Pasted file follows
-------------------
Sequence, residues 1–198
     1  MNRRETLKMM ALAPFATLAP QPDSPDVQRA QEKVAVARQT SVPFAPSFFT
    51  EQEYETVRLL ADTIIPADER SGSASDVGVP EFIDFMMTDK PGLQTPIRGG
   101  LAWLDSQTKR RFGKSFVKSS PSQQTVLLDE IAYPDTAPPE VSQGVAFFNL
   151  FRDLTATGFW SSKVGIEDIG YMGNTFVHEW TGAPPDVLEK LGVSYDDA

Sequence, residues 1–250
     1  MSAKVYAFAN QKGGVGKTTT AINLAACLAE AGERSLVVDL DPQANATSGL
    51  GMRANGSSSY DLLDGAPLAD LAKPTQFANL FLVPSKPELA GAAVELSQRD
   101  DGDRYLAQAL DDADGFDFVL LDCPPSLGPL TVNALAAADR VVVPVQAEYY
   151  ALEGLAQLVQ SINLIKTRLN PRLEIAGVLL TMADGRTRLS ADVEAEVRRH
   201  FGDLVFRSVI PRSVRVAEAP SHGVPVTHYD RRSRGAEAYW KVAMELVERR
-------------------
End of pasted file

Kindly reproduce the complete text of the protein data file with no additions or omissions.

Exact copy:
Sequence, residues 1–198
     1  MNRRETLKMM ALAPFATLAP QPDSPDVQRA QEKVAVARQT SVPFAPSFFT
    51  EQEYETVRLL ADTIIPADER SGSASDVGVP EFIDFMMTDK PGLQTPIRGG
   101  LAWLDSQTKR RFGKSFVKSS PSQQTVLLDE IAYPDTAPPE VSQGVAFFNL
   151  FRDLTATGFW SSKVGIEDIG YMGNTFVHEW TGAPPDVLEK LGVSYDDA

Sequence, residues 1–250
     1  MSAKVYAFAN QKGGVGKTTT AINLAACLAE AGERSLVVDL DPQANATSGL
    51  GMRANGSSSY DLLDGAPLAD LAKPTQFANL FLVPSKPELA GAAVELSQRD
   101  DGDRYLAQAL DDADGFDFVL LDCPPSLGPL TVNALAAADR VVVPVQAEYY
   151  ALEGLAQLVQ SINLIKTRLN PRLEIAGVLL TMADGRTRLS ADVEAEVRRH
   201  FGDLVFRSVI PRSVRVAEAP SHGVPVTHYD RRSRGAEAYW KVAMELVERR